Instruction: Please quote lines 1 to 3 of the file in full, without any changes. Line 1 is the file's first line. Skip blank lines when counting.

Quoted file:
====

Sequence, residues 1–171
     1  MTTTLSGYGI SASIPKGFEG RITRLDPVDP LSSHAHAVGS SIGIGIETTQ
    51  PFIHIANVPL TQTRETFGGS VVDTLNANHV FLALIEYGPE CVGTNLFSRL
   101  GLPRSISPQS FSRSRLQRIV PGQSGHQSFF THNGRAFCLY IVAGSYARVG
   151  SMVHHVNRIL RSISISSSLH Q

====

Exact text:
Sequence, residues 1–171
     1  MTTTLSGYGI SASIPKGFEG RITRLDPVDP LSSHAHAVGS SIGIGIETTQ
    51  PFIHIANVPL TQTRETFGGS VVDTLNANHV FLALIEYGPE CVGTNLFSRL